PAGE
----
How Much Fiber Do I Need?

The current healthy recommendations are between 20 and 38 grams of fiber a day, depending on your gender (men need more than women), age (less as you get older) and the amount you normally eat. It also depends a lot on your own metabolism. Some people have very quick pass through in their digestive systems, others have much slower turn around times. According to WebMD, it is believed that most Americans get only about 15 grams of fiber each day and that includes those who are NOT on diets.

Just Eat More Veggies?

No, it’s not just as simple as that, though eating more veggies is part of the answer. It is difficult to get enough dietary fiber from low calorie vegetables without eating massive amounts of them. For instance, take celery, a lovely vegetable, I am very fond of it and it’s great for keeping hunger at bay and giving my mouth something to do. It has only 16 calories in 100 grams (about 3 ounces), but it also has only about 2 grams of dietary fiber in that same 100 grams (the actual amount depends on which source you consult), so to get 20 grams of fiber from celery, I would need to eat 1000 grams of celery, 2.2 pounds, every day. That probably equates to two whole heads of table celery every day. Much as I like celery, I don’t think I could manage two pounds or more of it every day and that would also use up 160 calories of my daily 800 calorie allowance on the 8 week, 800 calorie BSD diet. It’s the same for many other vegetables that are perfectly fine as part of a low calorie or low carb diet. They do not contain enough fiber to fill your daily needs without having to eat massive amounts of them and I MEAN massive amounts. It’s the same with broccoli, spinach and lettuce. Great foodstuff, fine for adding to your lunchbox to keep hunger at bay or for eating as part of your low calorie meal but by themselves, they are unlikely to add enough fiber to your diet.

High Fiber Low Calorie Soup

Some useful foodstuffs that contain high amounts of fiber include lentils, with 8 grams of fiber in 100 grams. These

High Fiber Soup

are much easier to eat (in soup for instance) and will keep you feeling full for a long time. I sometimes make my own bone broth (basically boil meat bones or chicken carcass with a bay leaf and some apple cider vinegar for a number of hours, or in a slow cooker overnight, then drain and store) and use this as the basis for a soup. Or you can use a stock cube or low sodium bouillon. I add some veggies, such as celery, half an onion and garlic to 500 millilitres (1 pint) of stock and simmer until the vegetables are almost cooked, then add 50 grams (about 2 ounces) of red lentils and continue simmering until the lentils are soft. Once finished, I divide the soup in half and save one half for the next day. Just before serving, I add about 25 grams (about 1 ounce) of oat bran or wheat bran to the soup. This thickens it and makes it very filling, so it keeps me filled for several hours. It also contains about 17 grams of fiber, almost a daily amount for some people. This makes a filling high fiber meal, which can be fitted into a low calorie diet.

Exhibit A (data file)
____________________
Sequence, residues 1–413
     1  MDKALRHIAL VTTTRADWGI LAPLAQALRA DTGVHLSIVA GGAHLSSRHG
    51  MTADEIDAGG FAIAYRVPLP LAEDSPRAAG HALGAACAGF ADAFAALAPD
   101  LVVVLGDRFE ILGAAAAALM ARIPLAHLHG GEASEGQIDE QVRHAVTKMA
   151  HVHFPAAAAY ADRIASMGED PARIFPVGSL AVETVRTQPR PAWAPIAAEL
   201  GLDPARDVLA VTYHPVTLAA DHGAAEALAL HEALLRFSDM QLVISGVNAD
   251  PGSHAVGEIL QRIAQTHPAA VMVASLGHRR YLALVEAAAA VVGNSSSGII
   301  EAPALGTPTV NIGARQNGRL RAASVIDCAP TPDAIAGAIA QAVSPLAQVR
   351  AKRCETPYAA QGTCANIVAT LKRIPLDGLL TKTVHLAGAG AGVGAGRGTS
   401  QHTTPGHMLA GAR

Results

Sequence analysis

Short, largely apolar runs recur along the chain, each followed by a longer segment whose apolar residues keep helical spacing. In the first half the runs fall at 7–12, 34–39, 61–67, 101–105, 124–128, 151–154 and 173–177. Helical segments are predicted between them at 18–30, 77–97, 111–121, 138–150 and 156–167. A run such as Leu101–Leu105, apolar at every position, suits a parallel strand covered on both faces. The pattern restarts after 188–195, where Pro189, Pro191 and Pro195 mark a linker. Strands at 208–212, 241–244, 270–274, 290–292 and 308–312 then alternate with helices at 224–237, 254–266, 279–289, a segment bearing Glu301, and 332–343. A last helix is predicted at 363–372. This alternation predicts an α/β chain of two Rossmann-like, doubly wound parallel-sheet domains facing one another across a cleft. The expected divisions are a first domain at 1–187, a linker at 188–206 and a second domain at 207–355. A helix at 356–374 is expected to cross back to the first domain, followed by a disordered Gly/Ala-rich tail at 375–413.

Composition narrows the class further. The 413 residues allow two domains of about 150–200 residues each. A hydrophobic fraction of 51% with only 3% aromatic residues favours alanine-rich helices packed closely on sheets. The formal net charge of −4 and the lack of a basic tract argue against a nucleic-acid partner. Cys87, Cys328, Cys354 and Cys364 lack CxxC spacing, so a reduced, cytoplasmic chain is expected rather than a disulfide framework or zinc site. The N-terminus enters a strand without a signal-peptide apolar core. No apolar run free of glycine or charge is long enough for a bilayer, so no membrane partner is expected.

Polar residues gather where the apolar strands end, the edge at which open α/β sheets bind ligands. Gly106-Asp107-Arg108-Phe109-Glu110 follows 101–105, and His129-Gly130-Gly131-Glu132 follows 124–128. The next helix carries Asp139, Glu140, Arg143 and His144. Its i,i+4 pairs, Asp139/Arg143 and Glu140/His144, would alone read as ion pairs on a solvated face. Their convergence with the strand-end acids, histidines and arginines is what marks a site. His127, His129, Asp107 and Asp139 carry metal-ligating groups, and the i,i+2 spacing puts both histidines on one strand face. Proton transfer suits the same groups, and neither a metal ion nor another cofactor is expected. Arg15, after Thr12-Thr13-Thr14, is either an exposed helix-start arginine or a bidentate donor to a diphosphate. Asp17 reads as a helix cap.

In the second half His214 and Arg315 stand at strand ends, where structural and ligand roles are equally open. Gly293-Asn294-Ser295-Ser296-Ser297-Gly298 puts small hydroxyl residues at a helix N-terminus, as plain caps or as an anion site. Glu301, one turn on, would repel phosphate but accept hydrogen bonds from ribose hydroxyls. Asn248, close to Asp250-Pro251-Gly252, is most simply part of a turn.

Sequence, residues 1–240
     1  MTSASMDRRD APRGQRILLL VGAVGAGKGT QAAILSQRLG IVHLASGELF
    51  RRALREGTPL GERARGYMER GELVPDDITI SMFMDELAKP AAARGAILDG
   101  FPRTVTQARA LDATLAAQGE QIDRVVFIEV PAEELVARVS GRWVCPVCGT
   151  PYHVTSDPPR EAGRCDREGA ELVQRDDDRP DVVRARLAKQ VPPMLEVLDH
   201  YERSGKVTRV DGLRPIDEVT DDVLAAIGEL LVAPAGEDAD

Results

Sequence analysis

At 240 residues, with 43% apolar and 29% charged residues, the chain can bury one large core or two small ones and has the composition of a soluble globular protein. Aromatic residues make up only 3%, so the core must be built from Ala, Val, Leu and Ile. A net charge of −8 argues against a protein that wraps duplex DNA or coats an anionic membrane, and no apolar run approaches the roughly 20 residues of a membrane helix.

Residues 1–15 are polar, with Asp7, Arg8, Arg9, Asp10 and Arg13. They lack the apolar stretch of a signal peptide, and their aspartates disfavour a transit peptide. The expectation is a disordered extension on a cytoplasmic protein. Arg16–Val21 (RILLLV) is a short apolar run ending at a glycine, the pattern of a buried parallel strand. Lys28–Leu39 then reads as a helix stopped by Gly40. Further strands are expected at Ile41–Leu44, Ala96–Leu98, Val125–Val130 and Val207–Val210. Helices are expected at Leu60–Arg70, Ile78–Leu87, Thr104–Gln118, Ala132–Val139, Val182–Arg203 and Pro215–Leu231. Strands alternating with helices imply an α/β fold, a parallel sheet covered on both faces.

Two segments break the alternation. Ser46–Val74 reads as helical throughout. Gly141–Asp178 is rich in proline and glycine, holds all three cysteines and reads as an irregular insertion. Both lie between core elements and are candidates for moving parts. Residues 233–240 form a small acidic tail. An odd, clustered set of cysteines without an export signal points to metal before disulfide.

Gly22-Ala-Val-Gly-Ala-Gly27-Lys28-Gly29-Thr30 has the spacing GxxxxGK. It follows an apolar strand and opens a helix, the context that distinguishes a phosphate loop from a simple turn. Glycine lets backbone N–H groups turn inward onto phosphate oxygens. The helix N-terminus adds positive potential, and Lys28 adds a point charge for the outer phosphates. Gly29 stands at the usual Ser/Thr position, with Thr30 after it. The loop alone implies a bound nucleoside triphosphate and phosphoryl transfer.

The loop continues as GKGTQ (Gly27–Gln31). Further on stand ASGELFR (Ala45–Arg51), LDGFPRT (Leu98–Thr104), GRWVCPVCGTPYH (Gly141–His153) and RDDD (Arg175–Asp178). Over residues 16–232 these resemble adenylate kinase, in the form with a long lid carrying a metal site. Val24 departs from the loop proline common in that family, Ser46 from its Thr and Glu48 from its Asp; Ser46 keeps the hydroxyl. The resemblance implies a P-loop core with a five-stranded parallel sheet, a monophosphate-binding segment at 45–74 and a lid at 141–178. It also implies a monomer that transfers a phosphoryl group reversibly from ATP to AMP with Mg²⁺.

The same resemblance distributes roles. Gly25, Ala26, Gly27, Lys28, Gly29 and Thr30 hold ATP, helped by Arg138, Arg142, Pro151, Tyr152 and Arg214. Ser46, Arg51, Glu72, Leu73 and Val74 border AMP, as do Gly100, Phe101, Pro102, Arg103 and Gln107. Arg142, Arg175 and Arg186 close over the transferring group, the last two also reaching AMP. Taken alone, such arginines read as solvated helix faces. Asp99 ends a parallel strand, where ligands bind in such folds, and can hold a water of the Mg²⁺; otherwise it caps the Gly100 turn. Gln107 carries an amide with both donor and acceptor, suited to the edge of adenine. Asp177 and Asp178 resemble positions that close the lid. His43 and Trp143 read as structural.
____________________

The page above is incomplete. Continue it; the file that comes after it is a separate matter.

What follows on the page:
Dietary Fiber Supplements

If you still cannot get enough fiber in your diet, you may need to take a high fiber, low calorie supplement such as psyllium husks or apple fiber. Both are available as powder or in capsule form. It is VITAL to take plenty of water with these, to make sure they flush your intestines, instead of clogging them up worse than ever. These may not be suitable for people who have difficulty swallowing or have a narrow food pipe – consult your doctor.

Benefits of Dietary Fiber

There are many benefits to making sure you get enough fiber in your diet. For instance, people who have lots of dietary fiber in their food intake appear to be much less likely to develop heart trouble, to get strokes, high blood pressure, diabetes or to become obese.

Increasing the amount of your fiber in your diet can reduce your blood pressure, lower your cholesterol levels and improve insulin sensitivity for both diabetics and non-diabetics. Also, supplementing your fiber intake can help with weight loss in people who are obese and also help improve gastric and intestinal problems like diverticulitis, duodenal ulcers, hemorrhoids and gastric reflux.

And when that extra fiber gets into your large intestine, it appears to improve your natural immunity.

So What’s Not To Like About Dietary Fiber?

As with anything, use your commonsense about increasing the amount of fiber you take in. If you are sensitive to gluten, don’t use wheat bran. Don’t increase your fiber intake a huge amount in one go, it can lead to uncomfortable intestinal problems, including bloating and gas, if your body isn’t used to it. Increase your intake gradually and spread it out over the day. Take plenty of fluid, especially water and anyone who has difficulty swallowing, should be very cautious about taking supplements like psyllium husk and apple fiber, for instance. If in doubt, or if concerned about your bowel movements or intestines, consult your doctor or medical adviser.